I'd like to thank China for hosting this first-ever Global Policy Summit on the Well-Being of Students with Intellectual Disabilities. It's hard to think of a better setting for this event than the Special Olympics.
This morning, I had the honor of meeting the Team USA athletes, including golfer Jason Plante. In addition to competing here today, he is an honor-roll student, and he also plays on his high school golf team, which is among the best in the state. In Jason's opinion, "there is virtually no difference" between learning a sport and learning in school. He's absolutely right. Both take discipline, focus, practice, and high expectations. This summit is a great opportunity for all of us to work together to help more students around the world succeed and thrive as Jason has.
By celebrating the shared joy and mutual respect that sports can foster, Special Olympics have helped people around the world learn to think more in terms of capability than disability.
For example, at the first International Games in 1968, many people thought that swimming pools were dangerous places for people with disabilities. So American Red Cross lifeguards stood shoulder to shoulder around the pool to make sure all of the swimmers were safe. But they never had to jump in. All of the 325 athletes in the pool were perfectly able swimmers.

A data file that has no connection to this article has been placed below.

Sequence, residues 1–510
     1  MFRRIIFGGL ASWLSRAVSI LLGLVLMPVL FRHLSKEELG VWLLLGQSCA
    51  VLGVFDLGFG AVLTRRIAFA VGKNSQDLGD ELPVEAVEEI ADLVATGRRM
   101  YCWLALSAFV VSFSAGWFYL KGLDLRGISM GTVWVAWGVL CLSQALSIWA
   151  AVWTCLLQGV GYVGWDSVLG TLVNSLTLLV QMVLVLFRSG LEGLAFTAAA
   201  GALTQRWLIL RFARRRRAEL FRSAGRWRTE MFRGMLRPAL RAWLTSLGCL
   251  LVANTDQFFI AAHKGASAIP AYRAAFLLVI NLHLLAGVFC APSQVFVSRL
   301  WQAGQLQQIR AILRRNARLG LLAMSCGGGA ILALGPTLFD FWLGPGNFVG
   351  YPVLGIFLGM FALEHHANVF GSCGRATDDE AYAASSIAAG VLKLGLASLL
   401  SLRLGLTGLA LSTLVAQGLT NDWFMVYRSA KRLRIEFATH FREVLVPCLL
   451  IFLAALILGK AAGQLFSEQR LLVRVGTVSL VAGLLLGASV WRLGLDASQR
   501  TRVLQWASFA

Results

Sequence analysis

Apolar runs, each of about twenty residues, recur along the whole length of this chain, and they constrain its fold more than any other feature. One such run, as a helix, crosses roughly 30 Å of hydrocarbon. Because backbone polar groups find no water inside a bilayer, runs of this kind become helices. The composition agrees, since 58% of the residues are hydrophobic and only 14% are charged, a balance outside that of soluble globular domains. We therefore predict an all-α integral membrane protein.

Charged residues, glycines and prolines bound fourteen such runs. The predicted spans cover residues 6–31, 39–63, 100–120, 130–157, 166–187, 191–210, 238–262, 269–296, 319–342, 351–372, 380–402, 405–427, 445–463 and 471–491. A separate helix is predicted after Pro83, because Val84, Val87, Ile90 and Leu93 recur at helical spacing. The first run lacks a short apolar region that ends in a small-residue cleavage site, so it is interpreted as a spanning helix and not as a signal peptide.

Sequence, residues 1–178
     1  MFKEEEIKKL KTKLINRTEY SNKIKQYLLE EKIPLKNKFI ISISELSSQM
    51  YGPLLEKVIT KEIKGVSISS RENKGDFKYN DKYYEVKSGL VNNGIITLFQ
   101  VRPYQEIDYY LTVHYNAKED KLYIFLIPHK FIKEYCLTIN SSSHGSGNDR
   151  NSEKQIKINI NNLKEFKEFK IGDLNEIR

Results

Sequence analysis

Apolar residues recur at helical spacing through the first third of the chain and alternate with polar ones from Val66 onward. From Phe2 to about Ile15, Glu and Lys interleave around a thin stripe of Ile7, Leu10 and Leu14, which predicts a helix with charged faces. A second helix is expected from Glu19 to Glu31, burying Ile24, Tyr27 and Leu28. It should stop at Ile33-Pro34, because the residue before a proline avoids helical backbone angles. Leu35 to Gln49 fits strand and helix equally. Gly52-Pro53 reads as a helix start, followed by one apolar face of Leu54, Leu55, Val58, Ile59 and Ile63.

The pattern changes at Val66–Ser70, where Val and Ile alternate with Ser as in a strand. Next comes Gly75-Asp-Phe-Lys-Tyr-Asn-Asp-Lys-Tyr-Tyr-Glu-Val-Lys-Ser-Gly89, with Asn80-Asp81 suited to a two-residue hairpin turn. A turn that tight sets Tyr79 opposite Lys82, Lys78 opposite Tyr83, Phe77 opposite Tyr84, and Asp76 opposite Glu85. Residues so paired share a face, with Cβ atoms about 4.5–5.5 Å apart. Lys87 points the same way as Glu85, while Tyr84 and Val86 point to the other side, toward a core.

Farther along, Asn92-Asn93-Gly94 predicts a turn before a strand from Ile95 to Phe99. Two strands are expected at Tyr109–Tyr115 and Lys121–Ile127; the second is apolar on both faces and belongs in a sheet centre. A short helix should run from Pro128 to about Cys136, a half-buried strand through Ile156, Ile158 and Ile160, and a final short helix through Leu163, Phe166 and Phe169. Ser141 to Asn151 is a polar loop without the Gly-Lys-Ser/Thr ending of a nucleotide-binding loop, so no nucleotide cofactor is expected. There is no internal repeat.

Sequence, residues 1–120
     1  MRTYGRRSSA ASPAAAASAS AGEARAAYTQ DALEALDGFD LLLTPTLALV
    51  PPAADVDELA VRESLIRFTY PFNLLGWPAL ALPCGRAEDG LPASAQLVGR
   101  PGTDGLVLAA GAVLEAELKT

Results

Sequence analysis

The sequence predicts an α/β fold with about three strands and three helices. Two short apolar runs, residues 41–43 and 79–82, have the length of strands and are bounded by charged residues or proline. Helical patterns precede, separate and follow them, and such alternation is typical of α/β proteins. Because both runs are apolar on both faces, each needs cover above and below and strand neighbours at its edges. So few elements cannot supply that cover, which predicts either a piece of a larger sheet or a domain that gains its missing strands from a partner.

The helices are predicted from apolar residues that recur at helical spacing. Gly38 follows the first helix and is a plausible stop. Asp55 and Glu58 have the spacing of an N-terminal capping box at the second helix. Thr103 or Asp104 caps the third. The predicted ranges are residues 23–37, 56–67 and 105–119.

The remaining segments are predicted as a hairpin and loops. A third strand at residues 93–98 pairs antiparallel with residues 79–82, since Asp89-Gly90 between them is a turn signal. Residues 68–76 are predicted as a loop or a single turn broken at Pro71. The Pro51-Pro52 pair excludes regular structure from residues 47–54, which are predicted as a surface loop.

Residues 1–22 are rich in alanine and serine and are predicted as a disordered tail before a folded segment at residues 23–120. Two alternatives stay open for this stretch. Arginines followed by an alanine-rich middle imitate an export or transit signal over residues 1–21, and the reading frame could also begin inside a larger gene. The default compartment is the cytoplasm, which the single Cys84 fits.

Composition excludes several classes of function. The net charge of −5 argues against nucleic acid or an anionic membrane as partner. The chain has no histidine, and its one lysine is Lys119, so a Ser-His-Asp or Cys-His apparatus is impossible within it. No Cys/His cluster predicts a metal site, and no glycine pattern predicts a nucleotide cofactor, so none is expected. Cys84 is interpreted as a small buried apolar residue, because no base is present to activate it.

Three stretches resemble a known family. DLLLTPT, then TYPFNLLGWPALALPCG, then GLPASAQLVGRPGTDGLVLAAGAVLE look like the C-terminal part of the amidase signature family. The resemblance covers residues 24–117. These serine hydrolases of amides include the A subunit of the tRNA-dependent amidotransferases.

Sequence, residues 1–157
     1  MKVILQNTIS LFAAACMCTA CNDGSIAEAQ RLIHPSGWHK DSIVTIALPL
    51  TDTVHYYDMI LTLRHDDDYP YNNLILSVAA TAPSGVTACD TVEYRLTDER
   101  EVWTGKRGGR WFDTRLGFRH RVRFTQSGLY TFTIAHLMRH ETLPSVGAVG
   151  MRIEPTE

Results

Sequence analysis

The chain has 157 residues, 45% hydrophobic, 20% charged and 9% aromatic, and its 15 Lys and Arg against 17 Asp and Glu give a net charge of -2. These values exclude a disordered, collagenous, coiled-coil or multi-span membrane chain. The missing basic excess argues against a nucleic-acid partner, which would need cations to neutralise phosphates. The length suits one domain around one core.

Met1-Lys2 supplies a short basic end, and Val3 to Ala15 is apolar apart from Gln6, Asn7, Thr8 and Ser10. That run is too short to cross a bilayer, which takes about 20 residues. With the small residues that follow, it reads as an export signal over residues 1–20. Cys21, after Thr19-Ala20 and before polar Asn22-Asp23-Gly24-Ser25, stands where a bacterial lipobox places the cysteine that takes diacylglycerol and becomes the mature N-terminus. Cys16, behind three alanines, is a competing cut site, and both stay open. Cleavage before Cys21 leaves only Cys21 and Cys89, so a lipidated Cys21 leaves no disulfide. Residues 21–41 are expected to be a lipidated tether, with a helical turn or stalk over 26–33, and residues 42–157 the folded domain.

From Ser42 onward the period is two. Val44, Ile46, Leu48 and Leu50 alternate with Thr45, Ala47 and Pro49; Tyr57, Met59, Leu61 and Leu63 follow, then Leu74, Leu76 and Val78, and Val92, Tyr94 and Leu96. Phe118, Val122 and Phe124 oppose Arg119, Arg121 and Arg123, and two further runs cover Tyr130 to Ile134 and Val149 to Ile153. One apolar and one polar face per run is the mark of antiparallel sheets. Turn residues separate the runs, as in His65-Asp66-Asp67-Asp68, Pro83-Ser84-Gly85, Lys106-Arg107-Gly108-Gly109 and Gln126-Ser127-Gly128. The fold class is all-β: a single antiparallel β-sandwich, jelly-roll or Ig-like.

I think everyone who was there that day probably learned a valuable lesson—don't underestimate what people with disabilities can do.
Unfortunately, when it comes to education, it's taken a long time for people in my country to learn that same lesson. For many years, a lot of well-intended people have done a whole lot of standing by the edge of the pool, worrying whether students with disabilities would sink or swim.
In the late 1960s and early 1970s, when Special Olympics was just getting started, most schools in my country closed their doors to young people like the athletes who are competing here in Shanghai.
More than a million children in the U.S. were excluded from school because of their disabilities. In many states, families faced the stark choice of keeping children at home or sending them to institutions. As a result, many children with intellectual disabilities lived far from their families in conditions that no person should have to endure.
Today, we're still far from perfect. But my country has seen the kind of progress that all of us should strive for and that all of us can achieve. In the last half-century, we in the United States have shifted our national conversation. Instead of asking whether students with disabilities can learn, we are now talking about how to make sure all students achieve. Not in institutions or special facilities, but in their own neighborhood schools, right alongside their peers.